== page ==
Google suppressing World Socialist Web Site content in its search results for the New York Times’ 1619 Project
20 January 2020
Based on current search results and other web site analytics, it is clear that Google is manipulating its search algorithm to suppress the popular, original and authoritative content published by the World Socialist Web Site on the New York Times Magazine’s 1619 Project.
Starting on September 3, the WSWS began publishing a series of statements and articles in response to the 1619 Project. Over the past four months, the WSWS has published two dozen articles, statements, interviews, lectures and book reviews that have criticized the project as a racialist falsification of American history.
Among the most popular articles published by the WSWS have been a series of interviews with leading scholars of American history—Victoria Bynum, Gordon Wood, James McPherson, James Oakes, Adolph Reed, Clayborne Carson and others—who raised fundamental criticisms of fact and method in the Times’project.
These articles and interviews have been accessed by hundreds of thousands of readers. On social media, especially Twitter—where the hashtag #1619Project has been dominated by the criticisms made by the WSWS—all of the 1619 Project article links have been posted, viewed and shared by tens of thousands of people all over the world.
By mid-December, responding to the considerable public interest in the issues raised by the WSWS, major corporate news organizations such as the Wall Street Journal, the Atlantic, National Review and the Daily Signal published their own articles about the opposition of the historians and the WSWS to the 1619 Project.
In most cases, these publications cited the World Socialist Web Site as the first to oppose the racialist historical narrative published by the New York Times. Many publishers and journalists have both cited in their print editions and shared links on their online publications to World Socialist Web Site content.
On December 20, a group of five historians submitted a letter to Jake Silverstein, the editor of the New York Times Magazine, raising their primary criticisms of the 1619 Project and requesting that the magazine publish corrections to the errors of historical fact contained in the magazine. Although Silverstein refused to correct the project, he was obliged to acknowledge that the World Socialist Web Site had published the historian interviews in the first place.
However, despite the growing online audience for the WSWS—including a large number of backlinks to its pages—a basic Google search of “The 1619 Project” or “1619 Project” does not serve any WSWS pages within its top results. Far from it; links to WSWS articles do not appear in Google search results until the third or fourth page of listings. A Google News search of the topic does only slightly better with pages from the WSWS being displayed midway down on the second or beginning on the third page of the results.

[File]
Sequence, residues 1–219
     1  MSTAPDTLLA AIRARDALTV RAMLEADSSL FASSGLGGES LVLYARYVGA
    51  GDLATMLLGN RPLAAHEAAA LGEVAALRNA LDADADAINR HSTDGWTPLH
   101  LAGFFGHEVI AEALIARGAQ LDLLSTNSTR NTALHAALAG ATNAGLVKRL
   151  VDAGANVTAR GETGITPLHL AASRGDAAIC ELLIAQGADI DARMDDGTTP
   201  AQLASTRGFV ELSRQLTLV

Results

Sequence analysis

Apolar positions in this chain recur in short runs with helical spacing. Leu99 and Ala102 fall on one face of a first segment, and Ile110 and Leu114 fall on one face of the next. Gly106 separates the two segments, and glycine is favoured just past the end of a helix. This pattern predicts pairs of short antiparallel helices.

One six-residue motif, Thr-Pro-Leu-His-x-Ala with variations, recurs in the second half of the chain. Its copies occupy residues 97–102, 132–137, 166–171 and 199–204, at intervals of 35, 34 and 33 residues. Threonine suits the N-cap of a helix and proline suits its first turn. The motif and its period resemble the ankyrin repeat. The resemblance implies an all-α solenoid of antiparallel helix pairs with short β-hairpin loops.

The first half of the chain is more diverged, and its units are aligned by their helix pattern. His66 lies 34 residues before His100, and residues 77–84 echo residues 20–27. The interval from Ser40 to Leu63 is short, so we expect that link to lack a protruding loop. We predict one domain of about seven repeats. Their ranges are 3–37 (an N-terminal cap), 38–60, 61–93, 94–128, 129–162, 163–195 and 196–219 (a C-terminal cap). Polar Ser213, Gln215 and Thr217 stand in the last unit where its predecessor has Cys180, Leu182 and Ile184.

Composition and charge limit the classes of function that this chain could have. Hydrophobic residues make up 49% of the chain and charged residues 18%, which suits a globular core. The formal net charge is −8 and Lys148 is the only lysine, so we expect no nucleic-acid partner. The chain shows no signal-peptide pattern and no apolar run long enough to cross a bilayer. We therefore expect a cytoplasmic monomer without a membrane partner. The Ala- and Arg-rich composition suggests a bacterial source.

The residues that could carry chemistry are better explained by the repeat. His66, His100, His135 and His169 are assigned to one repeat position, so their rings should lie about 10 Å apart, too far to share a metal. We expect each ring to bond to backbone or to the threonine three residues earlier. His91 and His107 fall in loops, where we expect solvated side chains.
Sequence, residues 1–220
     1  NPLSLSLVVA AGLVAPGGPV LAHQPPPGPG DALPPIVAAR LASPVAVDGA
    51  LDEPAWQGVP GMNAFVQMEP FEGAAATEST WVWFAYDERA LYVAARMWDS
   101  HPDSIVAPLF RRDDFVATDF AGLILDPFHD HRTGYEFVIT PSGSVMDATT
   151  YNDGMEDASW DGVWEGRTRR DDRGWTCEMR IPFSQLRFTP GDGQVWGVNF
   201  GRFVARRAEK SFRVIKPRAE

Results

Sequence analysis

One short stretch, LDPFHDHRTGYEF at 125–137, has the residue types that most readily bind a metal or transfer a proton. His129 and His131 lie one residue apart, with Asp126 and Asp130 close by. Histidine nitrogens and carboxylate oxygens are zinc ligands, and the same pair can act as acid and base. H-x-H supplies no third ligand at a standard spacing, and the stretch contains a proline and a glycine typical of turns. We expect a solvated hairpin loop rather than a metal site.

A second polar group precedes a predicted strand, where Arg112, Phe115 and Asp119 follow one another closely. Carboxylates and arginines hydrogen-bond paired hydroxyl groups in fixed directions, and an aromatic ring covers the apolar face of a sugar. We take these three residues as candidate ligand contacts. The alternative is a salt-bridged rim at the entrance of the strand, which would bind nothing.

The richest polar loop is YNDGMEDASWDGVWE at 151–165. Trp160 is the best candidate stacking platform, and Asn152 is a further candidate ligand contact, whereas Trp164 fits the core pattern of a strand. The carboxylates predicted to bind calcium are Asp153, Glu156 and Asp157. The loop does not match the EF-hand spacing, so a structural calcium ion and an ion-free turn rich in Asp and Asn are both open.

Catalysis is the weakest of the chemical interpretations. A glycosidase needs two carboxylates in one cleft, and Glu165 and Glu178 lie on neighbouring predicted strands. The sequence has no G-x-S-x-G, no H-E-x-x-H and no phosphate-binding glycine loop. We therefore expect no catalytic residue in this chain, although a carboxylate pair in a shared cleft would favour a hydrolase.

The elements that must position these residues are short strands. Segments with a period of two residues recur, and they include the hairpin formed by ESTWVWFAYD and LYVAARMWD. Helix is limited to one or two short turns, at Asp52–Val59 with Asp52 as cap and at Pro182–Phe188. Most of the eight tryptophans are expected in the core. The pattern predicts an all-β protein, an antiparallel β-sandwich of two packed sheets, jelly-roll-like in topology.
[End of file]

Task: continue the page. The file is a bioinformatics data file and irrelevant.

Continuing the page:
Given that all Google searches are influenced by a combination of factors—including the location, search history, web history and social networks of each individual user—it is very likely that those looking for web sites covering the “The 1619 Project” but have never visited the World Socialist Web Site before will not see any WSWS links until they reach four or more pages of search results.
It is also a well-known fact among Internet tech experts that the top five positions in Google’s organic (nonpaid) search results receive 75 percent of referral traffic and the first page of results (top ten positions) gets 92 percent of all referrals. This means that all subsequent pages of search result listings beyond the first page share the remaining 8 percent of referrals and so their site traffic is severely diminished.
The low ranking of WSWS 1619 Project content on Google searches—zero on page one, very few on page two and the majority on page three or more—is on its face evidence of search algorithm manipulation.
Last September, Google published a statement highlighting the fact that “original reporting” would be given priority in its search results. The statement said, “Recently, we’ve made ranking updates and published changes to our search rater guidelines to help us better recognize original reporting, surface it more prominently in Search and ensure it stays there longer.”
Google further explained that it uses algorithms that factor “hundreds of different signals” to organize internet news content “in a way that is helpful.” Google then said, “To tune and validate our algorithms and help our systems understand the authoritativeness of individual pages, we have more than 10,000 raters around the world evaluating our work—their feedback doesn't change the ranking of the specific results they’re reviewing; instead it is used to evaluate and improve algorithms in a way that applies to all results.”
It is therefore clear that a combination of Google algorithms and human “search raters” are demoting the original reporting and “authoritativeness” of WSWS pages and elevating other sites and pages to the top positions in its search results.
The suppression by Google of referrals to the WSWS is borne out by the data. According to our referral analytics dashboard, visitors searching the internet for the keywords “1619 Project” were directed to the WSWS by Microsoft’s Bing search engine 12 times more than those referred to the site by Google.
This means that Google, which controls more than 92 percent of all internet search activity, referred just 8 percent of the total number of visitors coming to the WSWS from browsers searching for the keywords “1619 Project.”
Despite the censorship, the WSWS articles on the 1619 Project have acquired a large audience. But it is a fact that the total number of readers of these articles would be substantially higher if search results were not being manipulated and directed away from the WSWS by Google’s staff of internet police.